All that said, it’s a fantastic journey that I was completely invested in, personally.  The plot is heavy but entertaining, the questions raised are both compelling and thought-provoking, and most of the characters are well-developed.

If you enjoyed The Stand, odds are that you’ll enjoy this novel also.
If this 800 page behemoth seems daunting, it’s a coin toss to recommend:  on the one hand, it was a highly entertaining saga of an apocalyptic epidemic and I enjoyed the long journey, but on the other hand, the pay-off wasn’t completely satisfying with a rushed finale and frustrating open ending.

Thanks to Del Rey Books and NetGalley for providing me with an ARC in exchange for my honest review.  Wanderers is scheduled for release on July 2, 2019.

Review | Southern Smoke

Southern Smoke: Barbecue, Traditions, and Treasured Recipes Reimagined for Today by Matthew Register

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Southern Smoke begins by giving readers a brief introduction to the basics of barbecue: from selecting a grill or smoker, the type of fuel you’ll use, and a brief guide to the most common woods used for smoking to how to set up your grill and get smoking! There’s also some handy lists of useful items, guidelines, and tips and tricks.

From there, the recipes are divided into chapters: North Carolina, The Low Country, Memphis and the Delta, and The Southern Bakery. Each chapter shares dishes and traditions from that region with clear and easy to follow instructions.

There are several classic Southern staple recipes for buttermilk fried chicken, fried skillet cornbread, mac and cheese, low country boil, and Brunswick stew included throughout as well as plenty of fried or pickled foods. I liked the small collection of supper menus at the end of the book included for inspiration.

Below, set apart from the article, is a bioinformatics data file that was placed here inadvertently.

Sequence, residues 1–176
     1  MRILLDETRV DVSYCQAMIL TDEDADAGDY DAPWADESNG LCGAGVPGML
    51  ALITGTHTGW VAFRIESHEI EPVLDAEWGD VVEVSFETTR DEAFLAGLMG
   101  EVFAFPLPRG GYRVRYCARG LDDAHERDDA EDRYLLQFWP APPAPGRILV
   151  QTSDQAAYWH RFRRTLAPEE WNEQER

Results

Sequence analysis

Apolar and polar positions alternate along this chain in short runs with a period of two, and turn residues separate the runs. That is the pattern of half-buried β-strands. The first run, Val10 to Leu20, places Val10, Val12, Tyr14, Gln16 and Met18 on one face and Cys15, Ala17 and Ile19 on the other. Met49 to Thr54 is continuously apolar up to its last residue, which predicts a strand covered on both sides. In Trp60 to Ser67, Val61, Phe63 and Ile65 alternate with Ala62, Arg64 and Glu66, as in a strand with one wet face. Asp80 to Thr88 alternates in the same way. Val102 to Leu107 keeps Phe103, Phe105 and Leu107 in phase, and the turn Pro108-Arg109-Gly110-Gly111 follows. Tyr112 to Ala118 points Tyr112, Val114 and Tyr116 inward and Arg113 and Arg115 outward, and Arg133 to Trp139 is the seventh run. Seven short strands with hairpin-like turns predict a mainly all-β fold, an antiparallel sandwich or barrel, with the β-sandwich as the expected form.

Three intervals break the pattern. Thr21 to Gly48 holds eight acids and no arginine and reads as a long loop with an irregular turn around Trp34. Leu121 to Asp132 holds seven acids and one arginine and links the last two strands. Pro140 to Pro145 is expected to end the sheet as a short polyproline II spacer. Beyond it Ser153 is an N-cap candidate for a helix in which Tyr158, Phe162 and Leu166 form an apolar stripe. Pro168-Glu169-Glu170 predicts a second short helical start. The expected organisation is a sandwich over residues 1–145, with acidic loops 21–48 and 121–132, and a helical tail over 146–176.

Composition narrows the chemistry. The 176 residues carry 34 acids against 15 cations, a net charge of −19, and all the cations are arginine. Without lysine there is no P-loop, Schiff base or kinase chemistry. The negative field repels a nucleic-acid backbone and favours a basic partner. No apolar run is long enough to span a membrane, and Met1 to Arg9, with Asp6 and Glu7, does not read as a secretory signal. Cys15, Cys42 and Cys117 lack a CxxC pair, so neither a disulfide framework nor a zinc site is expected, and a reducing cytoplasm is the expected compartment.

There are recipes for smoked Boston butt, ribs, tenderloin, chicken quarters, turkey, and shrimp to fire up your smoker.

I gauge a cookbook by the end result so I’ve used this Memorial Day weekend to test some of the recipes and can safely say the Memphis dry-rub ribs and chocolate chess pie with pecans are both incredible!

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I’m looking forward to making the okra fries with comeback sauce this summer and have enough strawberries left to make the sweet buttermilk biscuits with strawberries. I’m also excited to try collard chowder, fried catfish with dill pickle aioli, and James Island Shrimp Pie.

Overall, I love the layout and design of this book: from the helpful information shared in the introduction to the recipes divided into chapters with ingredients that are fairly accessible in most grocery stores and instructions that are easy to follow.

Thanks to Quarto Publishing Group – Harvard Common Press and NetGalley for providing me with an ARC in exchange for my honest review. Southern Smoke: Barbecue, Traditions, and Treasured Recipes Reimagined for Today was released on May 7, 2019.

Review | The Van Apfel Girls Are Gone

The Van Apfel Girls Are Gone by Felicity McLean

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“We lost all three girls that summer. Let them slip away like the words of some half-remembered song.” *

In the summer of 1992, a quiet suburb in Australia is stunned when the three Van Apfel sisters – Hannah, Cordelia, and Ruth – disappear.  Suddenly the news is no longer focused on the infamous Azaria Chamberlain case and the community is searching the valley for any sign of the girls.

Tikka Malloy was eleven the summer her friends disappeared.  It was a confusing time for the precocious girl and now that twenty years have passed, she is just beginning to understand the significance of some of the events she witnessed in the weeks leading up to the disappeance of the girls.

Tikka is back in Australia to visit with her older sister Laura, who has just been diagnosed with cancer.  As Tikka takes readers back to the summer of 1992 and describes what transpired, we learn in the present that Tikka and Laura have a secret:  they knew that their friends were planning to run away.

The narration of eleven-year-old Tikka was completely endearing; both amusing at times and utterly heartbreaking.  She shares the truth with readers without truly understanding it herself and her innocence makes the story atmospheric and poignant.

“We thought we’d seen the worst when those girls disappeared. But seeing and not seeing is a funny old thing. Even now I don’t know which is crueller in the end.” *